Alison McMahan is one of the authors that will appear in Fatally Haunted, Sisters in Crime/Los Angeles’ upcoming 2019 anthology.

 

STORY TITLE: “King Hanuman” by Alison McMahan 

The first Khmer-American police officer on the LBPD has plenty to contend with, but she never expects the simple arrest of a child car thief to lead to a gang war.

Q: What intrigued you about the theme of FATALLY HAUNTED that led to the story you wrote?
The challenge is what intrigued me. As a writer, how does one convey “haunted” without extensive use of flashback or interior monologue? Both are techniques I prefer to avoid. So my challenge was to convey my protagonist’s hauntedness with a judicious use of flashback and interior monologue, to make myself use techniques that I was hesitant to use normally.

Q: Is your story a who-dunit, a why-dunit, or a how-dunit?  Why did you make this choice?
Both who and why. The protagonist is a female Khmer-American police officer in Long Beach, CA, in 1990, a time when vicious gang wars were being fought by the established Mexican and Chicano gangs in Long Beach and the newly arrived Cambodian gangs. The battles lasted all through the nineties.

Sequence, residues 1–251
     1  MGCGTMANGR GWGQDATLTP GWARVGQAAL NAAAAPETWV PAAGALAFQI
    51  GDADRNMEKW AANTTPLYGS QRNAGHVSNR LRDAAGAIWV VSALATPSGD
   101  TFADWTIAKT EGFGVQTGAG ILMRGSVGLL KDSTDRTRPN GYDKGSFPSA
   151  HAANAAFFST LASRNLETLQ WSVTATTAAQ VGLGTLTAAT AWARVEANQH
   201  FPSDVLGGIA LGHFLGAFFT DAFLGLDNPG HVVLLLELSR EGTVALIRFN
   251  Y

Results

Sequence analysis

Q: What is different about writing a short story?  What did you learn from this experience?
This is my fourth short story to be published in an anthology. I like them because the challenge is limited. It’s like fighting one round of a boxing match instead of the nine rounds of a novel. Also, I’m considering a novel series about this character and wanted to see how readers felt about her before I went another eight rounds.

Q: How did your editor help you improve your story? What insights did you gain from  working with her?
Rachel Howzell Hall was fantastic. When I first sent in the story she was about to go on vacation, didn’t have time for a full edit, so she gave me two general comments: to “kill some darlings,” and put in more references to the protagonist’s past as a Khmer Rouge survivor. I made those changes and sent her the new story when she returned. She had a great insight into the last, climactic moment which really makes the story work. She’s a fantastic editor!

Q: What’s next for you?  What are you working on? 
I’m writing a historical novel (not a mystery) about the first woman filmmaker, Alice Guy Blaché (I previously published an academic study of her work).  Once that is in my agent’s hands, I’ll return to a mystery novel about Thavary Keo, the protagonist of this story.

I have two more short mystery stories on completely different subjects coming out with other anthologies this year and next.

Q: What does your writing space look like?
I have two teenagers, so no room for a real writing desk. I write sitting on my sofa with my feet on an ottoman and my laptop on my lap. I get up at 4 am to write, and I watch the sky change colors as the sun comes up. Then I wake the kids and get on with the day, sneaking in more writing time whenever possible.